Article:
Oronte

John Griswold, who uses the pen name Oronte Churm at Inside Higher Ed and elsewhere, was born in Vietnam and raised in coal country in Southern Illinois. His stories, poems, and essays have appeared in War, Literature and the Arts; Brevity; Natural Bridge;  and Ninth Letter. His work has been nominated for a Pushcart Prize, listed as notable in The Best American Nonrequired Reading 2009, and included in The Best Creative Nonfiction, Vol. 3 (WW Norton).

His most recent book is a collection of essays, Pirates You Don't Know, and Other Adventures in the Examined Life (University of Georgia Press 2014). He is also the author of a novel, A Democracy of Ghosts, and a nonfiction book, Herrin: The Brief History of an Infamous American City.

He teaches in the MFA program at McNeese State University, Lake Charles, Louisiana.

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Most Recent Articles

June 19, 2007
I was plucked by McSweeney’s Internet Tendency from gray anonymity and propelled onto the glamorous stage of Internet pseudonymity , where I first caught the eyes of the just-as-astute editors at Inside Higher Ed. As a result, I became, as you know, the very first personal valet to IHE founding editor Doug Lederman.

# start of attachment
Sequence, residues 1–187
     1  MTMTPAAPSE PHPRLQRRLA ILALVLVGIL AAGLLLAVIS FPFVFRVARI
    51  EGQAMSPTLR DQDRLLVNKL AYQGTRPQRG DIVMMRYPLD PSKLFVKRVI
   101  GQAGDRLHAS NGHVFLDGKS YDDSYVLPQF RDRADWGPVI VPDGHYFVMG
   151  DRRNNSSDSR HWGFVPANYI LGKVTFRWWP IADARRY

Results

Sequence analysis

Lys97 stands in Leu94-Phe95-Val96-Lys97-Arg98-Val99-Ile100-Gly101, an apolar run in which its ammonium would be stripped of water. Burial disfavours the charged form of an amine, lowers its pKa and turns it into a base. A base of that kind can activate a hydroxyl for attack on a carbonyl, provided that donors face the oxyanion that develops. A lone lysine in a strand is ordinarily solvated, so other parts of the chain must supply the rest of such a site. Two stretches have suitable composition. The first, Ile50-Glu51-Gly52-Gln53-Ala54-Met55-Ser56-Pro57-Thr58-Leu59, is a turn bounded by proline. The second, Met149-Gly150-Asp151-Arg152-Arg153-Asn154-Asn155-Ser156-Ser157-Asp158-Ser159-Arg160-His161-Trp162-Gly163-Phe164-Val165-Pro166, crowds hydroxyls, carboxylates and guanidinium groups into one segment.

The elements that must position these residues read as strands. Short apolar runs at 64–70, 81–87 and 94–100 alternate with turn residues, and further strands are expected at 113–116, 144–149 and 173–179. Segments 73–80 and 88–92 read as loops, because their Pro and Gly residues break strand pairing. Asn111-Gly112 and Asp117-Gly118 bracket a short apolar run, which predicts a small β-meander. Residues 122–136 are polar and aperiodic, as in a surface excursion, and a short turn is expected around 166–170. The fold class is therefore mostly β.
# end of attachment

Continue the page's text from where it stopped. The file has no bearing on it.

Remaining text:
June 16, 2007
Today is the annual worldwide celebration of Leopold Bloom’s adventures around Dublin in 1904. So set down your ashplant, hoist a Guinness, and check out:
June 11, 2007
We finished reading for the AP exam in Louisville on Saturday, and I’m home now. But before I left, I sat down with Jim Barkus, Chief AP Reader for Literature and Composition, and Professor of English at Baylor University, to ask a few questions.
June 8, 2007
June 7, 2007
June 6, 2007
June 3, 2007
May 31, 2007
No, not with childcare; I have that under control. When Mrs. Churm left Sunday for the NAFSA conference in the Twin Cities, which will last a week, I blew my bosun’s whistle to call my two little boys away from the window, where they were sadly waving goodbye to their mother. They fell in. I blew it again, and they snapped to attention. “Rule One!” I said. “Daddy’s number-one job is to keep us safe!” Starbuck shouted. His little brother, Wolfie, said, “Bye,” and started biting my cell phone. “Rule Two!” I said. “Daddies always win,” Starbuck shouted.
May 31, 2007
Near the end of each semester a student inevitably asks, “Why is literature always about bad stuff?” Even if we’re not reading, say, Titus Andronicus (dismemberment, cannibalism, it’s got it all), cummings (“his rectum wickedly to tease / by means of skilfully applied / bayonets roasted hot with heat”), or Erdrich’s “Red Convertible” (suicide, students suspect, maybe), it’s a fair enough question. Do you know a literary work in which everything turns out great?

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